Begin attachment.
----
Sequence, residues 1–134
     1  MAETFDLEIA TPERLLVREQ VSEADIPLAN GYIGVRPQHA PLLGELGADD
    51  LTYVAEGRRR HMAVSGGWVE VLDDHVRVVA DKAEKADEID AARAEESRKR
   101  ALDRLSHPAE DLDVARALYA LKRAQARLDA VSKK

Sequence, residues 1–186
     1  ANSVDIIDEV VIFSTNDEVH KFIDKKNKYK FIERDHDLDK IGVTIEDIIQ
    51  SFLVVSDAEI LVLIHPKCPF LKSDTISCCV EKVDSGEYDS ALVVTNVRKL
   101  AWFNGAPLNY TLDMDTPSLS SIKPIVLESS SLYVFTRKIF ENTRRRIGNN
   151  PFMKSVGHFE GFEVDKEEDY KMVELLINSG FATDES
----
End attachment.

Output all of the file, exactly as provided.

Sequence, residues 1–134
     1  MAETFDLEIA TPERLLVREQ VSEADIPLAN GYIGVRPQHA PLLGELGADD
    51  LTYVAEGRRR HMAVSGGWVE VLDDHVRVVA DKAEKADEID AARAEESRKR
   101  ALDRLSHPAE DLDVARALYA LKRAQARLDA VSKK

Sequence, residues 1–186
     1  ANSVDIIDEV VIFSTNDEVH KFIDKKNKYK FIERDHDLDK IGVTIEDIIQ
    51  SFLVVSDAEI LVLIHPKCPF LKSDTISCCV EKVDSGEYDS ALVVTNVRKL
   101  AWFNGAPLNY TLDMDTPSLS SIKPIVLESS SLYVFTRKIF ENTRRRIGNN
   151  PFMKSVGHFE GFEVDKEEDY KMVELLINSG FATDES